Week 7

Computer Aided Machining

About the Assignment

I am doing a backup tape shelf for the University IT department, their requirement was that they had a system of daily, fortnightly and monthly bakcups and wanted something which could fit into a shelf and keep the tapes neatly organised in the same manner. I got the dimensions of the tapes here. For our lab and personally, I wanted a camera stand, which I have designed as well and fit into the same 8x4 feet MDF 11mm sheet.

Materials needed

  • CNC machine
  • Drawing software - Rhino in this case. This covers the steps taken to draw the tape shelf.
  • Machine control software - PartWorks in this case

How it was done - Drawing

  1. Fire up Rhino, draw the plan for the shelf (300x100 mm) and divide it into 12 equal parts to accomodate 12 sony magnetic backup kits in a row.
  2. Since 3 such rows were required for storing daily, fortnightly and monthly backups, the next step was to draft the height (aka elevation) (330x300mm) to understand the height and form of the vertical components required.
  3. To connect the vertical and the horizontal components, I chose to go ahead with the 'COMB' joints or 'Waffle' structure by using a modular design of the components to allow flexibility and modification in the assembly of the shelves.
  4. After making the horizontal and the vertical components, the next step was to make the base for all the components, on to which all these would fit on
  5. To understand the assembly better, I made a 3D model of shelf assembly. This was done with the "Extrude" command
  6. To avoid the rounded edges formed by the movement of the milling bit, I added the provision of 'DOG-BONE JOINTS' to all the notches.
  7. Since I was planning to use the 8'x4' MDF board sheet for cutting, I nested the components for two of my projects (camera stand and the shelves) on one sheet.
  8. The final file is linked here as a 3dm and here as a dxf

How it was done - Cutting

  1. AS the shopbot is parked at a safe height and distance from point 0 or origin, take the spanner and chuck nut and change bits as needed.
    Types of bits we use, not shown in a ball nose for finer cuts.
  2. Power up the Shopbot - for us at CEPT Fablab, this is by switch, and turn on the vaccum
  3. Turn on the Shopbot motor with this knob - Rotate to the right to turn it on. The key controls a lock mechanism, and this is engaged when turned right to the "engaged" position.Note how we have tied the spanner and chuck nut to this key to ensure they are not seperated or lost.
  4. Power up the laptop with the shopbot controller installed, and if its the first run of the day, Start the Shopbot controller software. In the remote , hit the reset button to power up the contoller box. In the software, Under the menu item "Cuts", select the job to warm up the spindle . The software runs through a sequence of commands and prompts you to start the motor, so it can run at a safe height at about 9,000 rpm for about 9 minutes. This warms up the machinery and ensures good lubrication of the shaft and gears.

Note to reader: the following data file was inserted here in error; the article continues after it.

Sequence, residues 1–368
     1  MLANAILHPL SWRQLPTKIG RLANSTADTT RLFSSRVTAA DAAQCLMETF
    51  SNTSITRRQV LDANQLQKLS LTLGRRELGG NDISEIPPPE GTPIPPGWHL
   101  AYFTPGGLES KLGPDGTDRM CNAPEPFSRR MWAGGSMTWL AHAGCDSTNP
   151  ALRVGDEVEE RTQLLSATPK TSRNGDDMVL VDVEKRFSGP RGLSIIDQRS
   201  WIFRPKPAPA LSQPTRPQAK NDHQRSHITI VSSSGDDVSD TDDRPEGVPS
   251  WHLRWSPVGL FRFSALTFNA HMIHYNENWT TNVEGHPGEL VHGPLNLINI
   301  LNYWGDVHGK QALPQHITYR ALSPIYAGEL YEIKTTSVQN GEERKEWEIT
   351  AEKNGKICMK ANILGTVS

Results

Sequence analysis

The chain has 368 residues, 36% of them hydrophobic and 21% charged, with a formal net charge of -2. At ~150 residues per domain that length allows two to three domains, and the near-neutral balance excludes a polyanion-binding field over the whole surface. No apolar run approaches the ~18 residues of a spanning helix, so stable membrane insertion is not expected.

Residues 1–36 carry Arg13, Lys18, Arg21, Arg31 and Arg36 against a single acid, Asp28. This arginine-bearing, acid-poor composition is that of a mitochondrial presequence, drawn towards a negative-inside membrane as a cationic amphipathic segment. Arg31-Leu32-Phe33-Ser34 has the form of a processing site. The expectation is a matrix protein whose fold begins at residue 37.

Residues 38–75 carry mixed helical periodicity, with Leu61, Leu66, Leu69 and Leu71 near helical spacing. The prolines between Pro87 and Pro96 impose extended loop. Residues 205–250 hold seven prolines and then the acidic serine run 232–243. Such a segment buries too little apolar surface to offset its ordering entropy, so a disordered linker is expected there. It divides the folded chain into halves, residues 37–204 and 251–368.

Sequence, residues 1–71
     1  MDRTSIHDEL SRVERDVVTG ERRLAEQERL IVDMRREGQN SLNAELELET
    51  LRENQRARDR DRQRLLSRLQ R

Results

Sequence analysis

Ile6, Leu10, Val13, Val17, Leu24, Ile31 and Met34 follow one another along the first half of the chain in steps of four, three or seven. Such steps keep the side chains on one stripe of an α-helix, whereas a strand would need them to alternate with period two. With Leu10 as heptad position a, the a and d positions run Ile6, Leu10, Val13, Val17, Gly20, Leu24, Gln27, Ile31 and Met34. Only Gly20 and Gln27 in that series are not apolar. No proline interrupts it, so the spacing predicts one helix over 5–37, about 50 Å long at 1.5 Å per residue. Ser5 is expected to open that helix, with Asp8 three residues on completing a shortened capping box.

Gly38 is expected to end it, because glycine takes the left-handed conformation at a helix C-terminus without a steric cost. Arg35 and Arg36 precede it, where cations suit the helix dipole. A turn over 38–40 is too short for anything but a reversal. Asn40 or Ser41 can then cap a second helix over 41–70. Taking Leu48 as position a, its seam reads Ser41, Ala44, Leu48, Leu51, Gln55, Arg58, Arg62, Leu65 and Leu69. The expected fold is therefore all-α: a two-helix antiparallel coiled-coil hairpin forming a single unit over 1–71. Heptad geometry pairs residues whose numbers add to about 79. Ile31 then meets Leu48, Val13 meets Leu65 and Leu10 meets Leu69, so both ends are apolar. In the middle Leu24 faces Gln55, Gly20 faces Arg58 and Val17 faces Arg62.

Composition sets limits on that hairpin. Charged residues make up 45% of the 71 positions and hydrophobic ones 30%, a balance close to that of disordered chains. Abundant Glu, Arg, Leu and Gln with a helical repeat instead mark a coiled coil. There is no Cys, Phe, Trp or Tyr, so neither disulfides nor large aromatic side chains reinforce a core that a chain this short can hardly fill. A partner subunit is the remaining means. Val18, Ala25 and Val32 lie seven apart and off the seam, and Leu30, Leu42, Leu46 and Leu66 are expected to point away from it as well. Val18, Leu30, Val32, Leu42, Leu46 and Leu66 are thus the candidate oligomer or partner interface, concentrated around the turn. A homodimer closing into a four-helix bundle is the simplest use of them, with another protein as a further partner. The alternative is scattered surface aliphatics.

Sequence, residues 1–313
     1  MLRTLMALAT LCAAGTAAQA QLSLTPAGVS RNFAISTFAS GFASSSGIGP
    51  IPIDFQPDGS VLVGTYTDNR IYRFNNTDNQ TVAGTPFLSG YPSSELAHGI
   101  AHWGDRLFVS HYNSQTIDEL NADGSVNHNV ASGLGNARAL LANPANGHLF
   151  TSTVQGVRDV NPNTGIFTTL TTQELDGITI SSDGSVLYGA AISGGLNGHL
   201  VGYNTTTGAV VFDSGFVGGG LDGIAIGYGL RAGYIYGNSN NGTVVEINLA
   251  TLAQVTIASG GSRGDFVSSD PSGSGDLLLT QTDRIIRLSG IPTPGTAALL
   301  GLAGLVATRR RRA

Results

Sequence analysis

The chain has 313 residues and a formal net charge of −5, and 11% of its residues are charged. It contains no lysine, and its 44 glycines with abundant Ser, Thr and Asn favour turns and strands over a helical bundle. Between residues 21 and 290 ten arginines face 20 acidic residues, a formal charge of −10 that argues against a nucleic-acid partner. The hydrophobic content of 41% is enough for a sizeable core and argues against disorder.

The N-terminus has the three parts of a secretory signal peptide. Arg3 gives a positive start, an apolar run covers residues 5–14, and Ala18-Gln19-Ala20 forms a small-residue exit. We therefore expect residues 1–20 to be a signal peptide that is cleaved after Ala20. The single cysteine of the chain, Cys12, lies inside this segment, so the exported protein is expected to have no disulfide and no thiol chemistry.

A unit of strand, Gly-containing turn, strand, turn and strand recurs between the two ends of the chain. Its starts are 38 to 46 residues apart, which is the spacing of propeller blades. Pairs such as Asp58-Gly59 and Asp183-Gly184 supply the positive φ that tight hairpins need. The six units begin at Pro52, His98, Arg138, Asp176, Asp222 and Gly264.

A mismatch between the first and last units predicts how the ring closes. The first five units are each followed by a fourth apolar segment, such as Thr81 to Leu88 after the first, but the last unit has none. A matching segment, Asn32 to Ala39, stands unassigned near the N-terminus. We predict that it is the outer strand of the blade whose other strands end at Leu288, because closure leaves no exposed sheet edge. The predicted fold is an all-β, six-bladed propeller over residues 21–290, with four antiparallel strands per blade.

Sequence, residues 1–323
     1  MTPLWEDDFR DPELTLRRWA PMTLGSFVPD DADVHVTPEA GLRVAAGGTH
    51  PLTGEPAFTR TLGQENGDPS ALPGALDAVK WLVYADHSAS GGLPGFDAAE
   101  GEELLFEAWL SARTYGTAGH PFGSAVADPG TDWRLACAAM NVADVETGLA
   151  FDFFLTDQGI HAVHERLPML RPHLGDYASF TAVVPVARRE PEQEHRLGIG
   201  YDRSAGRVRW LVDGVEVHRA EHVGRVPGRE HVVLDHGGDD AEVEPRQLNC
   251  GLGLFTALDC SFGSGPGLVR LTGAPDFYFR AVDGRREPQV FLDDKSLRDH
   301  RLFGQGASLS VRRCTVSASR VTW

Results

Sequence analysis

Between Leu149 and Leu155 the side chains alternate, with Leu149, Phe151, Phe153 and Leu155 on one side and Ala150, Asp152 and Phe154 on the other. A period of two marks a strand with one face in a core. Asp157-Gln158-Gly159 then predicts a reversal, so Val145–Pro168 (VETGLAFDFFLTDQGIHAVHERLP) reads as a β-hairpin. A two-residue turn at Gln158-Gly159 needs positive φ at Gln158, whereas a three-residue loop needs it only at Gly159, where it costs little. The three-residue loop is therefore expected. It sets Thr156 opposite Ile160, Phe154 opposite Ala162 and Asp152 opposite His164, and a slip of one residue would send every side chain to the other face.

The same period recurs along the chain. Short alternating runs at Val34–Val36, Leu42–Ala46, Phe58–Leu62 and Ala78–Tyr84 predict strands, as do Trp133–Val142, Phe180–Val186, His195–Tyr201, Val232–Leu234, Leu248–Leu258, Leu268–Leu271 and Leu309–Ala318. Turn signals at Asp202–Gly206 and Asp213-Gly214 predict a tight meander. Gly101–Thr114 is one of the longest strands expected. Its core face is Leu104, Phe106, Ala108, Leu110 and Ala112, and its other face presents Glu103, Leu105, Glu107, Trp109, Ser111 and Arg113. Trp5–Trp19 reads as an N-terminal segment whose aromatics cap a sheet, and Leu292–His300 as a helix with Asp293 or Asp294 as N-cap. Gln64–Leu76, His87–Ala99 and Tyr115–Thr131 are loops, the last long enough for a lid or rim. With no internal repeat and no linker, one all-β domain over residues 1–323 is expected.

5. Open up Partworks (2D if you have simple cuts - pockets or through cuts and 3D if its a complex shape). Plan the type of cut you want
  6. In the first screen, got when you start a new file, the left side menu-window set the size of the job, define height of the material your cutting, and select the Origin. Disable "use Origin Offset" as this option allows you to set a point as origin, but cut a predefined distance away from it. Last important option to select in this screen is the Units of measurement and to centre the job.
  7. Once it loads, on the right side of the screen, pin the toolpath menu which is usually hidden. This screen allows different types of toolpaths
    Profile cut is a through cut
    Pocket cut is a shallow cut, not going throught the material
    Drill cut is a through cut, vertically
  8. Select Profile Cut
    Profile cut is a through cut
    Start Depth defines the height at which the cut is started, and Cut Depth is the depth upto which the cut will be done. Ususally, it is best to add an 0.25-0.5mm to the cut depth so that the material is cut through completely.
  9. Tool selection
    Allows you to select different types of bits, and defines the RPM (revolutions of the bit per minute) and the Feed Rate of the material and Plunge rate of the material in inches / second
  10. Passes option allows you set the number of times the bit will move through the entire length of the job, cutting away a smalled depth of material to reduce the chances of failure and breakage of the bit
  11. Adding Tabs helps keep the cut in place, the Tabs option allows you to do this.
    Selecting number of Tabs
    Positions of the Tabs in the parts being cut
  12. Selecting the next option at the end of the toolpath menu gives this popup if the cut depth is greater than the material thickness as a warning
  13. The preview toolpath option simulates the toolpath
  14. TO save the toolpath for a cut, select the profile you just created Then click the save toolpath button In the resultant screen, leave te default option of Inches as shown and click save
  15. In the ShopBot Controller, select the Movetoolpath button A screen pops up, allows you to control the location of the the drill This menu also lets you set the location as Zero
  16. Once the file is open, this screen pops-up Here you select "Start". The next 4 screens follow in sequence
  17. From this point, the process is automatic
I started the cutting with 11mm plywood. As the wood started to split due its low quality, I switched to MDF. The Casette rack is completely modular, and looks like this when assembled with 2 racks The Camera stand came out like this

Conclusion

I used this week to make 2 large objects - a camera stand to document my work at home and a casette stand for the College IT department.